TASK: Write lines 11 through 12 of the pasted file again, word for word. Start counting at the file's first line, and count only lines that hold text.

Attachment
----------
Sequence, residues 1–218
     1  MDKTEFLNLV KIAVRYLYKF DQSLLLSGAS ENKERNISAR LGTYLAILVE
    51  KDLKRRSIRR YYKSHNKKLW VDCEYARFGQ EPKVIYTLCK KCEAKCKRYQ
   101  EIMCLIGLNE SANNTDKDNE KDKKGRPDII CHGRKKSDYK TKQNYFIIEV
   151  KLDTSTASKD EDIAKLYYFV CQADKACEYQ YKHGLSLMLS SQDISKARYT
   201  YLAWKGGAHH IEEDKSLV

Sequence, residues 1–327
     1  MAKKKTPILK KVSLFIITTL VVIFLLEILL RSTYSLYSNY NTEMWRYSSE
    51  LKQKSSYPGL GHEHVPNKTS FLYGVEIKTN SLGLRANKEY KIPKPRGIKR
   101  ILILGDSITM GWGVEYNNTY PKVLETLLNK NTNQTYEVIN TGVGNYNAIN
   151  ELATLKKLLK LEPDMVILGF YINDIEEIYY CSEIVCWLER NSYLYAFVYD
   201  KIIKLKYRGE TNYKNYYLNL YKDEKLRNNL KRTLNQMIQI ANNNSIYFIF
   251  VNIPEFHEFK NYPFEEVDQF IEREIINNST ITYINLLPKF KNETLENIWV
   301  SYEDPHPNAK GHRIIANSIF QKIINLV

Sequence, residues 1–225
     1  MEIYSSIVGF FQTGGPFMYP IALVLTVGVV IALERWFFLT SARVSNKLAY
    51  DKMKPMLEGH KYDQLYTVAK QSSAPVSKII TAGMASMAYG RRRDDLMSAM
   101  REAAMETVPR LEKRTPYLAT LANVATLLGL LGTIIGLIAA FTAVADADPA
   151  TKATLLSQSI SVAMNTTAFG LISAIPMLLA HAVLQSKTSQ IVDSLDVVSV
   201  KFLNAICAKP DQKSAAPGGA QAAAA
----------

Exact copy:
   151  ELATLKKLLK LEPDMVILGF YINDIEEIYY CSEIVCWLER NSYLYAFVYD
   201  KIIKLKYRGE TNYKNYYLNL YKDEKLRNNL KRTLNQMIQI ANNNSIYFIF